Once the install was complete we let the vehicle set overnight and reviewed it for quality control the next day. Everything looked pretty good, so we contacted the customer and invited him in to go over the car and pick it back up. Dre was excited to see the finished product. He and I drove to a nearby park to take some photos of the Crossfire. I also took a nice video you can view on Youtube.
Considering the amount of time, energy & materials we spent on this project we decided as a company we needed to charge a much higher price on these sorts of jobs in the future. It was a good experience overall and we subsequently have done other similar “paint-wraps.”
Dre did come back to us once concerning the vinyl not sticking to some deep style-lines on the hood. I believe that the heat of the engine was softening the adhesive and would not stay down no matter what we did.  I proposed a solution to Dre, in which we would remove the vinyl from those locations. He agreed we should try it and I, very carefully, cut and removed the vinyl on the first body line. It was a general consensus that it looked good. So, we finished the process on the other offending style-lines and the customer left shortly after a happy man.
All in all a rewarding experience. Working with the customer to realize their dream on a unique project was a good experience here at Pacific Service Center.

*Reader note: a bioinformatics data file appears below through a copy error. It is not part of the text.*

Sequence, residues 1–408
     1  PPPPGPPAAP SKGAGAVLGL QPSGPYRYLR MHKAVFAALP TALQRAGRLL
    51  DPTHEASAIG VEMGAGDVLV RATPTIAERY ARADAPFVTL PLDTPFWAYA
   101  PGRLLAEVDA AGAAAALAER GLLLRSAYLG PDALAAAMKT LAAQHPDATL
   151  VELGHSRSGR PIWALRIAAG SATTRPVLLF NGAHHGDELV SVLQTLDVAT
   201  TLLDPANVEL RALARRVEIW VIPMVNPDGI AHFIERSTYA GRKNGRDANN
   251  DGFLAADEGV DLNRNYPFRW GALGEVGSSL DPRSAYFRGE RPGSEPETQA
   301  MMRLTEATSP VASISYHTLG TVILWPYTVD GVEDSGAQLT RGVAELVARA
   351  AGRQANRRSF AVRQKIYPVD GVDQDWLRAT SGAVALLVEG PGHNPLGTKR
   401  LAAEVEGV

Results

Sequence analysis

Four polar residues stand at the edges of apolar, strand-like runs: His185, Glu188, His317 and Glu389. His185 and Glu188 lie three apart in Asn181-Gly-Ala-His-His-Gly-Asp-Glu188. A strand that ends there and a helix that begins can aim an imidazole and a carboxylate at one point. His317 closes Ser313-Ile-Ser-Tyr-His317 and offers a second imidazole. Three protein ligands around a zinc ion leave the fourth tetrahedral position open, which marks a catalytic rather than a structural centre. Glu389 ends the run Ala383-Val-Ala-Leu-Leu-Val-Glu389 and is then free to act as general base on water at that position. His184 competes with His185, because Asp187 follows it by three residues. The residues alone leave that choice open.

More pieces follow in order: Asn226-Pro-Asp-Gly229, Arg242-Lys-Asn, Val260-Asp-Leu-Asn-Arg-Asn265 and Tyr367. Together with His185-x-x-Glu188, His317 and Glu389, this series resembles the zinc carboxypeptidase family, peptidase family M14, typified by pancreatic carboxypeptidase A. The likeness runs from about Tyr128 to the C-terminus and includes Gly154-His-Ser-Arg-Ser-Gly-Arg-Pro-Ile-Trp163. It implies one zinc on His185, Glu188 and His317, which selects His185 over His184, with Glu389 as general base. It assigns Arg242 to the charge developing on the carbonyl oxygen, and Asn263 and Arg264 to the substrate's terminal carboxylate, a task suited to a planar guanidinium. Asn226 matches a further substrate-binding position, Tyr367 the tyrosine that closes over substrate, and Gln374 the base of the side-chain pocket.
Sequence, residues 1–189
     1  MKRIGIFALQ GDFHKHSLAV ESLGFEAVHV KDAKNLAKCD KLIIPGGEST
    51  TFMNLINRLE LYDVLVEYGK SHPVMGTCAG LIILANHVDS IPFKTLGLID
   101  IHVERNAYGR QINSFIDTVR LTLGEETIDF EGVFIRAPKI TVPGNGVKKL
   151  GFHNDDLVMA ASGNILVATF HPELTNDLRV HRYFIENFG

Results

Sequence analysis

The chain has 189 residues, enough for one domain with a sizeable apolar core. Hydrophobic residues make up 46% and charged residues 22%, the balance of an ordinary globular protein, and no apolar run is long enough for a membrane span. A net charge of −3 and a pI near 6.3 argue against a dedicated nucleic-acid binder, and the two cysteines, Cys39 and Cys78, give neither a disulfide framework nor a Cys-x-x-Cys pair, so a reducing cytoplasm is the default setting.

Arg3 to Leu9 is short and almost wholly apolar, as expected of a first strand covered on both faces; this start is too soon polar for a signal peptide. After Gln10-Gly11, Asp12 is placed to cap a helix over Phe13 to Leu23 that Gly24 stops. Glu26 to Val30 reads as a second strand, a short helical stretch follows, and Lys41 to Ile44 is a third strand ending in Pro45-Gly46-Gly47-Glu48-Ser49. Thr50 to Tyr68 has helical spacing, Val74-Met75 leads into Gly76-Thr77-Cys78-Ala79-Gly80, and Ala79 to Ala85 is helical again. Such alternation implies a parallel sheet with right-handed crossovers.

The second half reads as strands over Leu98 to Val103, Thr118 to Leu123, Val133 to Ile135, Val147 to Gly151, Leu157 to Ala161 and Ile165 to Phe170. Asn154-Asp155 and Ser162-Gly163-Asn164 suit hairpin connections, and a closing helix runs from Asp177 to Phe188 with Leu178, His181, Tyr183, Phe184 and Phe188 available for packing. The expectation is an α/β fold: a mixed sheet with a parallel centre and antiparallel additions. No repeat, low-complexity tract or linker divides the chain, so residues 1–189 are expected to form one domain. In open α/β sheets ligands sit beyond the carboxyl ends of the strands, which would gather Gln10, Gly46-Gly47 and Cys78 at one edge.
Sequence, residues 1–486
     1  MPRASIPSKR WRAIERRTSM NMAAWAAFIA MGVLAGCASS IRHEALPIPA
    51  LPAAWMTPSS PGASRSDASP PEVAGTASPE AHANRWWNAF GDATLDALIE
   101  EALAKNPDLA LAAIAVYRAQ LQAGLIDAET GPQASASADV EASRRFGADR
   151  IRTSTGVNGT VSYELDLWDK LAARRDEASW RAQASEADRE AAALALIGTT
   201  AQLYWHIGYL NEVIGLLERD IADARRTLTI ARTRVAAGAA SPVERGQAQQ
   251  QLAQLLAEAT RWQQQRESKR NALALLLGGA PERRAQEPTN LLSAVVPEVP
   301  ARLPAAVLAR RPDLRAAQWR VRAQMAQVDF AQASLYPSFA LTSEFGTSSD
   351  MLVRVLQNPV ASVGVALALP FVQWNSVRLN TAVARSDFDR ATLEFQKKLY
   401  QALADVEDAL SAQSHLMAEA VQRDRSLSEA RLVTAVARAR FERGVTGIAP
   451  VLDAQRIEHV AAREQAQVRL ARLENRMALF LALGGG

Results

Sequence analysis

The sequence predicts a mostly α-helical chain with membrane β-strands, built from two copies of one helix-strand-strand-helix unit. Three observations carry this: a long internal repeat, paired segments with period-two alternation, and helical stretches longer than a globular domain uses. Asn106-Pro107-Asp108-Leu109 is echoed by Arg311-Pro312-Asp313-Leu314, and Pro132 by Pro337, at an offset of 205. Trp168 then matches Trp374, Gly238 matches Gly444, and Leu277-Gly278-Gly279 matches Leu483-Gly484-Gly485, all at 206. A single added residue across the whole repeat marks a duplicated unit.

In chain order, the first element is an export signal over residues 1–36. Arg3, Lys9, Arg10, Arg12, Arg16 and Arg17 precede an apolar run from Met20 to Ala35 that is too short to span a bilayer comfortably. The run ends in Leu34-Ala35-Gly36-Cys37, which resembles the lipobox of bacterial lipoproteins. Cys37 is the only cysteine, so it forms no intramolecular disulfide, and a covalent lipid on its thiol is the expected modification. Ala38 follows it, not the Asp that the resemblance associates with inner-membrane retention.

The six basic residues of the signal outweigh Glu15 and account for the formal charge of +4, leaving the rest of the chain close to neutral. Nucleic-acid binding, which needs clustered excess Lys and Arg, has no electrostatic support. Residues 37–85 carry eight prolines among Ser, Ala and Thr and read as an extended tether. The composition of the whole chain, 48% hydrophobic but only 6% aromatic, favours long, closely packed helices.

Dutch Brothers Install Review
When this project came down the pipe. As installers we were excited to turn a rather mundane white van into something that would turn heads. The idea was to make this white van matte black with a reflective vinyl overlay. It sounds simple enough, but the nature of reflective vinyl makes it a little more complicated. The adhesive on the reflective vinyl is so aggressive that once it touches anything, that’s where it’s staying. Any complications with the reflective vinyl would mean we would, basically, have to redo the whole van. So, away we went!
We started by completely disassembling the van. We took out the mirrors, headlights, taillights, grille, rear bumper, door handles, and even the side and rear windows were going to come out of this project. After all, turning something white into something black can be tough and we just wanted to do it correctly. There were some areas that just couldn’t be covered with vinyl. Mainly the under portion of the van. So how do you make something black without paint? Answer… Plasti-Dip. The beauty of this product is that it will peel off just like the vinyl if the vehicle owner ever decided to remove the wrap. So off we went…